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Controlling Asthma Triggers: Allergens
For many people with lung problems such as asthma or COPD, breathing in allergens leads to inflamed airways. Allergens also cause other types of reactions in some people. For example, a runny nose, itchy, watery eyes, or a skin rash. Do your best to stay away from allergens that trigger symptoms. The tips below can help reduce any reaction you may have to certain allergens.
Dust mites are tiny bugs too small to see or feel. But they can be a major trigger for allergy and asthma symptoms. Dust mites live in mattresses, bedding, carpets, and upholstered furniture. They can be carried on indoor dust. They thrive in warm, moist environments.
Wash bedding in hot water (130°F/54.4°C) each week. This kills the dust mites.
Cover mattress and pillows with special dust-mite-proof (hypoallergenic) cases.
Don’t use upholstered furniture such as sofas or chairs in the bedroom.
Use allergy-proof filters for air conditioners and furnaces. Follow product maker's instructions for maintaining and replacing filters.
If you can, replace wall-to-wall carpets with wood, tile, or linoleum floors. This is very important in the bedroom.
Animals with fur or feathers often make allergens. These are shed as tiny particles called dander. Dander can float through the air. Or it can stick to carpet, clothing, and furniture.
Choose a pet that doesn’t have fur or feathers. Examples are fish and reptiles.
Keep pets with fur or feathers out of your home. If you can’t do this, keep them out of your bedroom. But keeping a pet out of your bedroom doesn't mean your bedroom is free of pet allergens. If you sit on the couch in the living room and then go into your bedroom, you have brought the pet allergen there.
Wash your hands and clothes after handling pets.
Give your pet a bath each week to decrease the amount allergens.
Avoid contact with soiled litter cages as much as possible.
Mold grows in damp places, such as bathrooms, basements, and closets. It can grow anywhere flooding or a fire has caused water damage. Mold can live behind the walls if there has been water damage.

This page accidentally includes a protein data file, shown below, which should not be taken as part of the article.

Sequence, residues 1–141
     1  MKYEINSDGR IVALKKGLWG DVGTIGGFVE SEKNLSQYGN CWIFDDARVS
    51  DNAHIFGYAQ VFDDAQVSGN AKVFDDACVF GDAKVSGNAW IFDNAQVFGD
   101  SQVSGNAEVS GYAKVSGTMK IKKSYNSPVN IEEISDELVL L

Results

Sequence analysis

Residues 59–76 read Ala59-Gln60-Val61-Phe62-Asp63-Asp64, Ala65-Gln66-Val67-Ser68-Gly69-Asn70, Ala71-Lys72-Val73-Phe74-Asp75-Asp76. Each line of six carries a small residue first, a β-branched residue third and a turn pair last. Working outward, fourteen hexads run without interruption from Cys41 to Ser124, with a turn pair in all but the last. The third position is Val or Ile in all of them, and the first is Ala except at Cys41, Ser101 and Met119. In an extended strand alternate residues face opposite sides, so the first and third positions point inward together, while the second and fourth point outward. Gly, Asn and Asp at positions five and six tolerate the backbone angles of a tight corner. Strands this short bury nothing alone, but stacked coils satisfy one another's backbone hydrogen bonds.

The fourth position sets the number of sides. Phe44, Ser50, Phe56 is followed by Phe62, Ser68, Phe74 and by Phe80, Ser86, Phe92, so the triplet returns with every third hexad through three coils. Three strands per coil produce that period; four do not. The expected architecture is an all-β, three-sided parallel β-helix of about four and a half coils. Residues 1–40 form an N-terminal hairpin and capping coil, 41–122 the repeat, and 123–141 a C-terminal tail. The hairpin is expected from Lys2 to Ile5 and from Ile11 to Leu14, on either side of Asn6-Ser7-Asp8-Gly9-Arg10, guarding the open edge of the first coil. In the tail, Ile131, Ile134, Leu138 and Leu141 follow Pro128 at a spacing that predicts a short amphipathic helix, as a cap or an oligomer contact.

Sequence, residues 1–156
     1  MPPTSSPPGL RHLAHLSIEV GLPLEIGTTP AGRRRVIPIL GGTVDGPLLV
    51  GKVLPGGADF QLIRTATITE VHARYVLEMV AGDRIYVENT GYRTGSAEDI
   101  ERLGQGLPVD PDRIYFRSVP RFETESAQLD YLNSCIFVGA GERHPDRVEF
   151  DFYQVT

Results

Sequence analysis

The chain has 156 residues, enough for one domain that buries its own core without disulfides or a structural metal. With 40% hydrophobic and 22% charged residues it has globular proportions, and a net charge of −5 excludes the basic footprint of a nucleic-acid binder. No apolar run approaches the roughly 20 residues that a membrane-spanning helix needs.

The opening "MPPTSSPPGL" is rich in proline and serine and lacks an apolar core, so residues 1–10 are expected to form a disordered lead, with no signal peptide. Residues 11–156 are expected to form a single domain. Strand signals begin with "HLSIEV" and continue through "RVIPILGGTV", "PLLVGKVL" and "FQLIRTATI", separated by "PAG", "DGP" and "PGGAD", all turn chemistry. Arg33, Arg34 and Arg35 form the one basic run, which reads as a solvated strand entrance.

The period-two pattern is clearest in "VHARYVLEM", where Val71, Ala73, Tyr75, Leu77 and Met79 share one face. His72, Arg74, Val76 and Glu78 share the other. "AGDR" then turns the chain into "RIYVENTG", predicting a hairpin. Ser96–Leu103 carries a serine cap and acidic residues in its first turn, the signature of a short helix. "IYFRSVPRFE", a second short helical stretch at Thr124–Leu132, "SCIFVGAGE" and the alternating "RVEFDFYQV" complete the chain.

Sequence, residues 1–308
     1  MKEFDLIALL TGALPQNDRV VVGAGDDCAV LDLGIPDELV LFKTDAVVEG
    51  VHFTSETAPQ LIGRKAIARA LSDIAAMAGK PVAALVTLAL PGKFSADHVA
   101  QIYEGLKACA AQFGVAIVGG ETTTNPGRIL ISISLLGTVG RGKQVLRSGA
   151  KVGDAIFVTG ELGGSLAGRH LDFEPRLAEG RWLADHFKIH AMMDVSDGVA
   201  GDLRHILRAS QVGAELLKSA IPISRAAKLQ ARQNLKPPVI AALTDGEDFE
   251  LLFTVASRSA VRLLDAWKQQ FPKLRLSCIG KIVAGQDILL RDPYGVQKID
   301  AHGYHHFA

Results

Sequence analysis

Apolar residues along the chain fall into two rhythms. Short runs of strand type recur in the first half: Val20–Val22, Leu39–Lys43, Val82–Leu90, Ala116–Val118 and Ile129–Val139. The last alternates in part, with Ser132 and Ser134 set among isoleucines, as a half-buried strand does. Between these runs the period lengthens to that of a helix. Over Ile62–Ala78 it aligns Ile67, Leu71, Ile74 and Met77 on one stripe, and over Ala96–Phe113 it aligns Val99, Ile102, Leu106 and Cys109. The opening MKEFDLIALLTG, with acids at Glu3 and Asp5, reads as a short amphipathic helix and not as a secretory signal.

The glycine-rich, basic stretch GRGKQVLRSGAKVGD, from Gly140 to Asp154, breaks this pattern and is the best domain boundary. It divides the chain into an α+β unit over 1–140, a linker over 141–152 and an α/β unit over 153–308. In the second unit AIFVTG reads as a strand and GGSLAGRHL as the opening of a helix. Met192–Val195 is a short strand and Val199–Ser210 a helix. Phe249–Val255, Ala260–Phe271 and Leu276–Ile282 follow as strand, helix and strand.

Clean damp areas weekly to prevent mold growth. This includes shower stalls and sinks. You may need someone to clean these areas for you. Or try wearing a mask.
Run an exhaust fan while bathing. Or leave a window or door open in the bathroom.
Repair water leaks in or around your home.
Have someone else cut grass or rake leaves, if possible.
Don’t use vaporizers, or humidifiers. These put water into the air and encourage mold growth.
Pollen from trees, grasses, and weeds is a common allergen. Flower pollens are generally not a problem.
Try to learn what types of pollen affect you most. Pollen levels vary depending on the plant, the season, and the time of day.
Use air conditioning instead of opening the windows in your home or car. In the car, choose the setting to recirculate the air, so less pollen gets in.
Have someone else do yard work, if possible.
Change clothes in a mudroom when you get home if you are highly allergic to pollens. This will keep most of the pollen from entering the house.
Cockroaches and mice
Cockroaches and mice are common household pests. They also produce allergens.
Keep your kitchen clean and dry. A leaky faucet or drain can attract roaches.
Remove garbage from your home daily.
Store food in tightly sealed containers. Wash dishes as soon as they are used.
Use bait stations or traps to control roaches. Don't use chemical sprays.
Online Medical Reviewer:
Alan J Blaivas DO
Online Medical Reviewer:
Daphne Pierce-Smith RN MSN CCRC
Date Last Reviewed:
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